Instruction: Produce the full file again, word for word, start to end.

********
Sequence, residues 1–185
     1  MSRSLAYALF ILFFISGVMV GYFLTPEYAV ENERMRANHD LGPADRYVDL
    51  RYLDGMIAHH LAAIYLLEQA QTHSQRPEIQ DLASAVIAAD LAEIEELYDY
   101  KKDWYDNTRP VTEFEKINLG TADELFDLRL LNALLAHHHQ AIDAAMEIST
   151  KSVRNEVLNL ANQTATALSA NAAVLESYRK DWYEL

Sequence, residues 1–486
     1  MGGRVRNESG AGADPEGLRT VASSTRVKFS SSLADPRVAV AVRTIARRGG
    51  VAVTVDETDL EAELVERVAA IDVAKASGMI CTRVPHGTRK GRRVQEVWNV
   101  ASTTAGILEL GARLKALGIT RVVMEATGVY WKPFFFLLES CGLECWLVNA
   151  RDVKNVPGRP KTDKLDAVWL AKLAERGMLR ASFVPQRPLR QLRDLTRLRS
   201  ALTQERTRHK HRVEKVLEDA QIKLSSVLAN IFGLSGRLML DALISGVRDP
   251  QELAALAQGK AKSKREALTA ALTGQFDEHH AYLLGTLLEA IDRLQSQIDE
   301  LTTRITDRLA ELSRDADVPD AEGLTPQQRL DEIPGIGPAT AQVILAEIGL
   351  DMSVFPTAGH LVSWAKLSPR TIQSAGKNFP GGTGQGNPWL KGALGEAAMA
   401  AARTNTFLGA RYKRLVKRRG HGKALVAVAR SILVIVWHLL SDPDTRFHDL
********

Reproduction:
Sequence, residues 1–185
     1  MSRSLAYALF ILFFISGVMV GYFLTPEYAV ENERMRANHD LGPADRYVDL
    51  RYLDGMIAHH LAAIYLLEQA QTHSQRPEIQ DLASAVIAAD LAEIEELYDY
   101  KKDWYDNTRP VTEFEKINLG TADELFDLRL LNALLAHHHQ AIDAAMEIST
   151  KSVRNEVLNL ANQTATALSA NAAVLESYRK DWYEL

Sequence, residues 1–486
     1  MGGRVRNESG AGADPEGLRT VASSTRVKFS SSLADPRVAV AVRTIARRGG
    51  VAVTVDETDL EAELVERVAA IDVAKASGMI CTRVPHGTRK GRRVQEVWNV
   101  ASTTAGILEL GARLKALGIT RVVMEATGVY WKPFFFLLES CGLECWLVNA
   151  RDVKNVPGRP KTDKLDAVWL AKLAERGMLR ASFVPQRPLR QLRDLTRLRS
   201  ALTQERTRHK HRVEKVLEDA QIKLSSVLAN IFGLSGRLML DALISGVRDP
   251  QELAALAQGK AKSKREALTA ALTGQFDEHH AYLLGTLLEA IDRLQSQIDE
   301  LTTRITDRLA ELSRDADVPD AEGLTPQQRL DEIPGIGPAT AQVILAEIGL
   351  DMSVFPTAGH LVSWAKLSPR TIQSAGKNFP GGTGQGNPWL KGALGEAAMA
   401  AARTNTFLGA RYKRLVKRRG HGKALVAVAR SILVIVWHLL SDPDTRFHDL